Mississippi Senator Appointed;
Controversy Arises

By Jim Ellis

Mississippi Agriculture Commissioner Cindy Hyde-Smith | Photo Courtesy Cindy Hyde-Smith Campaign

Mississippi Agriculture Commissioner Cindy Hyde-Smith | Photo Courtesy Cindy Hyde-Smith Campaign

March 23, 2018 — Mississippi Gov. Phil Bryant (R) at an event in the new Senator-designee’s home community of Brookhaven, a town of 12,000-plus people located due south of Jackson on Interstate 55, announced that Agriculture & Commerce Commissioner Cindy Hyde-Smith (R) will officially replace retiring Sen. Thad Cochran (R). The move had been expected since Lt. Gov. Tate Reeves (R) took his name out of consideration for the appointment. As has been known for just over two weeks, the 40-year veteran senator will resign on or around April 1 because of health problems.

Late last week, Gov. Bryant said he would make the appointment before Sen. Cochran officially departs to give his choice more time to prepare for an election campaign that will occur during the regular cycle. All candidates will be listed on the Nov. 6 ballot, and the top two finishers, regardless of political party affiliation, will advance to a Nov. 27 run-off election if no one secures majority support.

State Sen. Chris McDaniel (R-Ellisville), who came within 1,800 votes of denying Sen. Cochran re-nomination in 2014, has already announced that he will run for the seat and wasted no time in attacking Hyde-Smith. Former US Agriculture Secretary and ex-Mississippi Democratic Congressman Mike Espy declared his candidacy upon Sen. Cochran making public his plans to retire.

McDaniel was originally challenging Sen. Roger Wicker (R), whose seat is in-cycle this year, but quickly transitioned into the special election once Sen. Cochran decided to resign. McDaniel has already reportedly written President Trump a letter asking him not to support Hyde-Smith because she is a former Democrat.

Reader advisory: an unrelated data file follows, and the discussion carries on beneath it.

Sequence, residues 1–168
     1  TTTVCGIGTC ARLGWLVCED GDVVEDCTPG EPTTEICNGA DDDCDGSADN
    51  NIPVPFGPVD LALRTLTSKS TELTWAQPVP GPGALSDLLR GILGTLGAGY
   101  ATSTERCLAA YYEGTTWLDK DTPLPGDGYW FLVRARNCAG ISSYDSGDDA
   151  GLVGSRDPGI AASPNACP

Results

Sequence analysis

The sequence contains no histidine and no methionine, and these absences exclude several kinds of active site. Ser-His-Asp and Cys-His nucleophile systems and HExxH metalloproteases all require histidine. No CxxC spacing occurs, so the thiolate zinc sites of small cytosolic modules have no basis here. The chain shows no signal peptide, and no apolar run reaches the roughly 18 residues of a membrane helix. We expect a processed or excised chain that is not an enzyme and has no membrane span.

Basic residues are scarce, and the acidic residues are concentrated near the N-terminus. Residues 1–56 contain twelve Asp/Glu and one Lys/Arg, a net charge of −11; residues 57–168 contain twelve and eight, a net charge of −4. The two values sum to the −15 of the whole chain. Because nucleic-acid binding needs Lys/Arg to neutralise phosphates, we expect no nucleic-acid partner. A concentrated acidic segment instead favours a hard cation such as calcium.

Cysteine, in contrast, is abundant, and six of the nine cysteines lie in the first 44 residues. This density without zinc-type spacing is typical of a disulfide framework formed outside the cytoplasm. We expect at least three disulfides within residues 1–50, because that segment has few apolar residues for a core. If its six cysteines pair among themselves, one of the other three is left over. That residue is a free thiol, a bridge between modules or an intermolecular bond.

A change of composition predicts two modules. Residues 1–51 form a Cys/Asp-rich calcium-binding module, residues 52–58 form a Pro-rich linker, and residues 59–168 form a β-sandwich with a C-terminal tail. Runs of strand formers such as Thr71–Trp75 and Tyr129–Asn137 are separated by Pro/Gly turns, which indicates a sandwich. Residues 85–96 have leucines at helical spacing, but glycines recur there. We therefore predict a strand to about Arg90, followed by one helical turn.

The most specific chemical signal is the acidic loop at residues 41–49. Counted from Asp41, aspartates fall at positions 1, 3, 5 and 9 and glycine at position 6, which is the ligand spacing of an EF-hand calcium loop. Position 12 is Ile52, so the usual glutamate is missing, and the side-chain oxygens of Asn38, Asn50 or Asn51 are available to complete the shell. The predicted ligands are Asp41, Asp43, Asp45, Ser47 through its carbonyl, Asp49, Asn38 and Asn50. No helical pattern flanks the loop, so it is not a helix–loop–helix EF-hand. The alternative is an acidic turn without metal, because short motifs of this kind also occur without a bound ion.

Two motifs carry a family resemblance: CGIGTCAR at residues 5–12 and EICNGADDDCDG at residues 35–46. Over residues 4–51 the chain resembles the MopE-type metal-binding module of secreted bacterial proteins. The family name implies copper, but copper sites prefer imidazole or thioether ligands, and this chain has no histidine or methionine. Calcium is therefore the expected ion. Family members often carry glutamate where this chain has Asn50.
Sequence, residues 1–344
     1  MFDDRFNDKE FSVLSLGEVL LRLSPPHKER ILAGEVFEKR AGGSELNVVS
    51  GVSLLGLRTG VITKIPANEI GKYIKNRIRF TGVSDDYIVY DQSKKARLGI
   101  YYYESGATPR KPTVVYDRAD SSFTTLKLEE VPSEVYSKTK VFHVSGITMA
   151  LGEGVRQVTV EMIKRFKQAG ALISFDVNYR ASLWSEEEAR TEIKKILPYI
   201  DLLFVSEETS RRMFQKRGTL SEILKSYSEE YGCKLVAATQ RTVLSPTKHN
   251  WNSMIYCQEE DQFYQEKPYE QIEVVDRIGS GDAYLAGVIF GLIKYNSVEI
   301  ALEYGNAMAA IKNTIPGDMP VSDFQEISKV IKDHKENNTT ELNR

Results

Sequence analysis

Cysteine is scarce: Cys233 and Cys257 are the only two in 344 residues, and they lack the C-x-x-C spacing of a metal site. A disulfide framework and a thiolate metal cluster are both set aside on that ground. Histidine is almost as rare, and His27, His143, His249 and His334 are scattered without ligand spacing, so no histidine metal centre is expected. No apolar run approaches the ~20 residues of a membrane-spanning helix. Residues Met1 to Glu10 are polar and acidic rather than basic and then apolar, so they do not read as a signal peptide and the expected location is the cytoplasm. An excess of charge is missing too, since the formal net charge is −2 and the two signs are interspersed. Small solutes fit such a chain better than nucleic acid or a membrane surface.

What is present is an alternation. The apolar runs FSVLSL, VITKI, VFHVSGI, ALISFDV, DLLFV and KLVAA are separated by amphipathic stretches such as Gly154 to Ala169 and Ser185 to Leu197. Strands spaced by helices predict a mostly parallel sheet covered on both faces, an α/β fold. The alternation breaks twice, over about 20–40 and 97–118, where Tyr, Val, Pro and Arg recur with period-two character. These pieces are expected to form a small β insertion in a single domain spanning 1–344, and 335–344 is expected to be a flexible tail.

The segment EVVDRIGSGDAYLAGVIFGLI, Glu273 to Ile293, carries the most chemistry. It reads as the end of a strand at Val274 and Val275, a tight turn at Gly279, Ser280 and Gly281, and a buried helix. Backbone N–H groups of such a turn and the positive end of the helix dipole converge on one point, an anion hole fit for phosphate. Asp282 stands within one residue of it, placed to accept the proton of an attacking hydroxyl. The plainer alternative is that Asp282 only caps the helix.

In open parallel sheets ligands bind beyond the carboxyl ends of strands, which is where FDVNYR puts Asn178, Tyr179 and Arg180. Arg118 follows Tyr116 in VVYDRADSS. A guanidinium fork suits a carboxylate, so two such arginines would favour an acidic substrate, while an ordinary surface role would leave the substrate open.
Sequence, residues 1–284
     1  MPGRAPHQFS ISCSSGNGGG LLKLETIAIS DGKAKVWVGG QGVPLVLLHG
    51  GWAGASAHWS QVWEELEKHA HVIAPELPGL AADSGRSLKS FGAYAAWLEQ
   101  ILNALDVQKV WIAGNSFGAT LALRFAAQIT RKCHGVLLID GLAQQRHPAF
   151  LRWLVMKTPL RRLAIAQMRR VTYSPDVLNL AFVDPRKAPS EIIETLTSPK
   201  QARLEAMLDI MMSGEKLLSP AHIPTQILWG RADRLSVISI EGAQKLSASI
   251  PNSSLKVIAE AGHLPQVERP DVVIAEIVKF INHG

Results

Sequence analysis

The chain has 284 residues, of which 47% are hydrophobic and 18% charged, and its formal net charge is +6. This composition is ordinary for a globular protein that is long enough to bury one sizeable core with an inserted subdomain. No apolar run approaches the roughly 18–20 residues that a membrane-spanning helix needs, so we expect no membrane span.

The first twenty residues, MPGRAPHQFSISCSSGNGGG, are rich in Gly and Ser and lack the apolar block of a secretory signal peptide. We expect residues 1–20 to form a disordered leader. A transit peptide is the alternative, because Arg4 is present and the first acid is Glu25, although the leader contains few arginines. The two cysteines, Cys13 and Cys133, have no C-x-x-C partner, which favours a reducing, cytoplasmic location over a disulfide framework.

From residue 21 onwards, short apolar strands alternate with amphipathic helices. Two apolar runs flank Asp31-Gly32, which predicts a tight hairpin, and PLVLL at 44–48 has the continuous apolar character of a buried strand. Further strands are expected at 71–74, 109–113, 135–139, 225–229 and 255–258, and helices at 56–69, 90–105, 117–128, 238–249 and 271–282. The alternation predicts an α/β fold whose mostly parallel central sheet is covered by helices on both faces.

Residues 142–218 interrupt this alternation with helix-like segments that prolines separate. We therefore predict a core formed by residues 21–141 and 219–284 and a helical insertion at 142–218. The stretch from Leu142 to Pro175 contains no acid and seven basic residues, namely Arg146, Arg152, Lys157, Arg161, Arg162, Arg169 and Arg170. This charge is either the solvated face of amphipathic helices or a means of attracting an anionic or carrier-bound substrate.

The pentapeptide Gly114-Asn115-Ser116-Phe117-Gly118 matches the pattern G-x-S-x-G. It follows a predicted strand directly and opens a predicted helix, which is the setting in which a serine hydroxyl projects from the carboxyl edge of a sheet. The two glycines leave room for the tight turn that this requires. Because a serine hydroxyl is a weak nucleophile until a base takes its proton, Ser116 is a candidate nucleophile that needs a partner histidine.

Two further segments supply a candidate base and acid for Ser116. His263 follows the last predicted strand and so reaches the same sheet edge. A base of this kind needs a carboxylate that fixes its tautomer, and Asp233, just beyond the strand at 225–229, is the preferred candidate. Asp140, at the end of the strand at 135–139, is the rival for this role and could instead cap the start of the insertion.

Cindy Hyde-Smith was elected as a Democrat to the Mississippi Senate in 1999 and served three full terms. During her tenure, she became chairman of the Senate’s Agriculture Committee. Changing parties and professing her life-long conservative ideals, she ran for Agriculture & Commerce Commissioner in 2011, winning the Republican primary with 53 percent of the vote before scoring a 57-41 percent victory in the general election. She was re-elected in 2015 with 61 percent of the vote and has earned the reputation of being a strong campaigner.

Hyde-Smith will be the first-ever woman to represent Mississippi in Congress. Now, Vermont becomes the only state never to have elected (or appointed) a female to federal office.

Reports are coming from Washington that an unnamed White House aide claims President Trump will not endorse or campaign for Hyde-Smith because of her former Democratic Party affiliation, and being fearful that she will lose the seat in the ensuing election. Trump has not made any comment about the announced appointment, however. Gov. Bryant responded confidently that he can persuade the president to back the state’s new interim senator.

Leading Republican statewide officials, state legislators, and former Senate Majority Leader Trent Lott (R-MS) all expressed support for Hyde-Smith as she prepares to accept her new position.

McDaniel’s political strategy will clearly be to rally the most conservative of Mississippi voters — those who supported him against Sen. Cochran — and force a run-off. Ideally, from McDaniel’s perspective, he and Espy would advance because the partisan advantage would be in his favor, but this scenario means denying the appointed senator even a run-off spot. Assuming Espy will be the lone major Democrat in the race, the chances of him coalescing the party vote and advancing to the secondary election are high.

Obviously, the Hyde-Smith campaign will attempt to win outright in November, which will be a difficult task when considering that both McDaniel and Espy will have significantly large support bases.

While Sen. Wicker is now primed to coast to re-nomination and re-election because of McDaniel switching campaigns, the Mississippi special Senate race will likely draw more than its share of national attention and resources.

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